Forensic anthropologist examines remains found after standoff, fire
Police still guarding Washougal site
Originally published December 11, 2011 at 6:12 p.m., updated December 11, 2011 at 6:30 p.m.
A forensic anthropologist examined remains Sunday in the aftermath of Wednesday’s fire and shootout in Washougal.
Dr. Kathy Taylor, a Ph.D. with the King County Medical Examiner’s Office, was working in the Clark County Medical Examiner’s Office in downtown Vancouver, said Clark County sheriff’s Sgt. Kevin Allais, with the major crimes team.
“She examined the remains,” Allais said, declining to be more specific when asked if the remains were from more than one person.
Allais said investigators will meet at 10 a.m. Monday morning with Washougal police.
“It’s an active investigation and it’s progressing,” Allais said Sunday afternoon.
Deputies said Saturday the Washougal house fire and gunfire-filled standoff has been ruled a murder-suicide and that homeowner and suspect Steven Stanbary is believed dead.
Stanbary’s wife, Leona Bolton Stanbary, and her twin sister, Mona Daugherty, also lived at the home at 3275 F Place. Family members have said on Facebook that all three are presumed dead.
The Clark County Sheriff’s Office has said heavily burned remains of at least two people have not been positively identified.
“Based upon the totality of information known to detectives at this time, investigators believe strongly that Steve Stanbary is the suspect and that his remains have likely been recovered,” the sheriff’s office said in a press release.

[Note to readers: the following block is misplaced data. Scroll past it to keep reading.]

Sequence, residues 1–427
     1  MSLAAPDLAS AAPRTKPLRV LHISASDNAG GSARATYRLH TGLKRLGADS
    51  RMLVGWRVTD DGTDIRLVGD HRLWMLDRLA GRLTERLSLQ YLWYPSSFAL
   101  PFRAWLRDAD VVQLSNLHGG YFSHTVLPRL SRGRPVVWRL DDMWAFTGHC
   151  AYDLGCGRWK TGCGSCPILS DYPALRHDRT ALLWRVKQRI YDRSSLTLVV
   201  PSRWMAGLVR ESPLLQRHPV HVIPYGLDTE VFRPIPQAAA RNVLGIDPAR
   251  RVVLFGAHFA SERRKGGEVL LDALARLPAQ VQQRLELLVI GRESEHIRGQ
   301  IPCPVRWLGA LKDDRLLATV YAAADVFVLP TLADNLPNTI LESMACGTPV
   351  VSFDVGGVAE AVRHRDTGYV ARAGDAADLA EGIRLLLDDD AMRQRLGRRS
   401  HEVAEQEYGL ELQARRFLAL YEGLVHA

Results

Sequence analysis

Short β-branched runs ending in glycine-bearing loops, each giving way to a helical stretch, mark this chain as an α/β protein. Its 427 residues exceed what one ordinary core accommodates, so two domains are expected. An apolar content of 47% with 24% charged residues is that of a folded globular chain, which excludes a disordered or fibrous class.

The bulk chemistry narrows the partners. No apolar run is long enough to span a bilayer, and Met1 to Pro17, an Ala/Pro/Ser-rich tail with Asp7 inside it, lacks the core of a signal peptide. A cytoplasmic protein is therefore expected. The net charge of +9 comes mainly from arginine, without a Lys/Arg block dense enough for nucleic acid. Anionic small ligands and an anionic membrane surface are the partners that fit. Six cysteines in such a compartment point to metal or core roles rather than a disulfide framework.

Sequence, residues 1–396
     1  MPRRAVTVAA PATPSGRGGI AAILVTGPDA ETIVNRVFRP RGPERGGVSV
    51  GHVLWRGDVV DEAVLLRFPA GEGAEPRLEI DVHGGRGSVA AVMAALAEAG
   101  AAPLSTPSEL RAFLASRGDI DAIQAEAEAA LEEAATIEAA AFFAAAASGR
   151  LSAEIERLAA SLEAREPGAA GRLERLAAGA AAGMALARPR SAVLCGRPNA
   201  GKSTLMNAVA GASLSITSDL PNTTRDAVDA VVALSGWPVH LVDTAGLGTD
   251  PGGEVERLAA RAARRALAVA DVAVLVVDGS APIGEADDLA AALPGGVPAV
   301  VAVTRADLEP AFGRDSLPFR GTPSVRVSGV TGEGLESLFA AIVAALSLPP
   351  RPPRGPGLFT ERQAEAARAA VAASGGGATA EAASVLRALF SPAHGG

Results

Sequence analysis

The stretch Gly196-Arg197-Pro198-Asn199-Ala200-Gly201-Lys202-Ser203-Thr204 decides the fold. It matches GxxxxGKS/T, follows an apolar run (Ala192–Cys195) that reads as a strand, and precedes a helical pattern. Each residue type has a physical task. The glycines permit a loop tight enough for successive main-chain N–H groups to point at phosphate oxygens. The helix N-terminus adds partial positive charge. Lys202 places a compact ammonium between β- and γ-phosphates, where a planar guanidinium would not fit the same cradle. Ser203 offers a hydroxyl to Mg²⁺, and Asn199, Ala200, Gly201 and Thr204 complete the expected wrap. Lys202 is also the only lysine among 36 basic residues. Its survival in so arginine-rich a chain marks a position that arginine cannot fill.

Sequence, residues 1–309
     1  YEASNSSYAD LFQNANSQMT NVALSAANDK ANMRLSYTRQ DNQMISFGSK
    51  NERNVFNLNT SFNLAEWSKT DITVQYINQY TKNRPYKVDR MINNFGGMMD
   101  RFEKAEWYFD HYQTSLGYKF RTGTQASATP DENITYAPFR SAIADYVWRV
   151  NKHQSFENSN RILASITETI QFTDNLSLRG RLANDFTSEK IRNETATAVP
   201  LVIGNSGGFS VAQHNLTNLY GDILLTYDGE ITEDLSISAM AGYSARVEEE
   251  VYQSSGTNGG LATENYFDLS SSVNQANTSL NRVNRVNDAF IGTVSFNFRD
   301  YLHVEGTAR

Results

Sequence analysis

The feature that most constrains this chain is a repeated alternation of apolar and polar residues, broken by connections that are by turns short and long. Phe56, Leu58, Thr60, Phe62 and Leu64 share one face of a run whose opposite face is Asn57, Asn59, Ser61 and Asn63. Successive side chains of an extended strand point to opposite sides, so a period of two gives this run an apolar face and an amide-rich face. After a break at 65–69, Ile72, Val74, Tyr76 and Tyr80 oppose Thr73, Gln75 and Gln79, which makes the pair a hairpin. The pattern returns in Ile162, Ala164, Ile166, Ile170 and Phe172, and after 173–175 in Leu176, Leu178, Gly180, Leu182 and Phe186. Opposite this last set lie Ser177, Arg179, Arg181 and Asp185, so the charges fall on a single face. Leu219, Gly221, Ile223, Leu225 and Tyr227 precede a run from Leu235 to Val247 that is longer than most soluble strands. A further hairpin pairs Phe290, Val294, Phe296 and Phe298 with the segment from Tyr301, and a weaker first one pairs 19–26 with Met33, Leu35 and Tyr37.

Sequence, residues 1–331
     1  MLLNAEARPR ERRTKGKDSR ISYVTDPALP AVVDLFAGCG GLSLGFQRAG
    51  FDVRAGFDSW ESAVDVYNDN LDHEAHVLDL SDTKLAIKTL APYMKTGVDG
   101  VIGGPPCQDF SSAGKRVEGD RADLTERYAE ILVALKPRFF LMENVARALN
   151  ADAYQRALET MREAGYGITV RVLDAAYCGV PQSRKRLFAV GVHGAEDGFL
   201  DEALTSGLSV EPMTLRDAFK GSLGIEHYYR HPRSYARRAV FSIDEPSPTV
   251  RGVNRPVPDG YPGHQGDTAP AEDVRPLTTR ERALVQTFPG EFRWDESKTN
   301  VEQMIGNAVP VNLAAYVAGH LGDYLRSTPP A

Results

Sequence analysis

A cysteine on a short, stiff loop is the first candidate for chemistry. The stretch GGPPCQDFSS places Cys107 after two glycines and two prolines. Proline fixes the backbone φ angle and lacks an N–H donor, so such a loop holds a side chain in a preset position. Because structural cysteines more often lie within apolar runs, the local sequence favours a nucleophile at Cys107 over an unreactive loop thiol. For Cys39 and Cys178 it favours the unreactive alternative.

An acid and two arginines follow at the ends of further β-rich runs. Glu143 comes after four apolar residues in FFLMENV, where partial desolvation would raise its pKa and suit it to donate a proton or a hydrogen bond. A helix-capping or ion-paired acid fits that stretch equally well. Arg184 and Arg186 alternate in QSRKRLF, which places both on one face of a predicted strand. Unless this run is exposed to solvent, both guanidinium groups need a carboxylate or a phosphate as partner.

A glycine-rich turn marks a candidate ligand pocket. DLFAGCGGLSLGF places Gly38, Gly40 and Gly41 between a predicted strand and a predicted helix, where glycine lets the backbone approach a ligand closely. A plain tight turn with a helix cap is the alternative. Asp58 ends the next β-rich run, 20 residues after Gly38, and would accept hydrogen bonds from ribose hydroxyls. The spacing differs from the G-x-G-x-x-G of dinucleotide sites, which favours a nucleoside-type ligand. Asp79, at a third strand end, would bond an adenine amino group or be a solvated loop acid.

On Sunday, the lot appeared like a scene from an end-of-the world movie. Two Washougal police officers stood like sentries in front of the remains of the rust-red ranch-style house that was built in 1972.
“We’ve got someone stationed here 24 hours a day,” said Officer Jon Cotton, who has been with the Washougal force for 21 years. “We’re going to keep perimeter security for several more days.”
Neighbor Ben Schwartzkopf wandered a half-dozen houses down F Place to take his first look at the place.
“The guy seemed all right to me, and then you find out all these things,” Schwartzkopf said.
Stanbary, a 47-year-old known to be violent and heavily armed, had been under investigation for multiple sex crimes. He was supposed to turn himself in to police the day after the fire and standoff.
Police have not released details about the sex crime investigation against Stanbary.
Jerry and Myrtle Anderson strolled by Sunday afternoon. Their home is just three houses away.
Jerry Anderson said that when the blaze and shooting started, he wanted to leave his house. Then he received a call from police.
“They said stay right in your house. Stay away from the windows and doors,” Jerry Anderson said. The couple have lived in the house for 32 years.
“As far as I know, he was a quiet, neighborly person,” Jerry Anderson said.
“Lee’s sister walked her little dog and every time she said, ‘Hello,’ ” Jerry Anderson said.
Myrtle Anderson said both women always waved when passing the Anderson home.
“It was a surprise, big time,” said a neighbor across the street from the Stanbary lot. He decline to give his name but added, “Something that was not expected, by any means.”
The lot still has police tape in front. There are burned-out hulks of three pickups and appliances, a ruined trailer and much black rubble.
At the base of the mailbox, stand there are 2 pails of spent casings and 20 or more ammunition boxes.
On Dec. 7, Stanbary’s home went up in flames. Neighbors who tried to alert residents inside were met with gunfire, as were responding police and firefighters. The gunman fired from multiple firearms for 90 minutes, keeping firefighters and police at bay, investigators said.
No one outside the house was seriously injured; a Washougal police officer whose patrol car was hit by a round suffered minor injuries from shattered glass.
Arrested in December 1994 after threatening to kill his ex-wife, children and himself, Stanbary was found to have numerous weapons, including AK-47s.
Laura McVicker contributed to this story.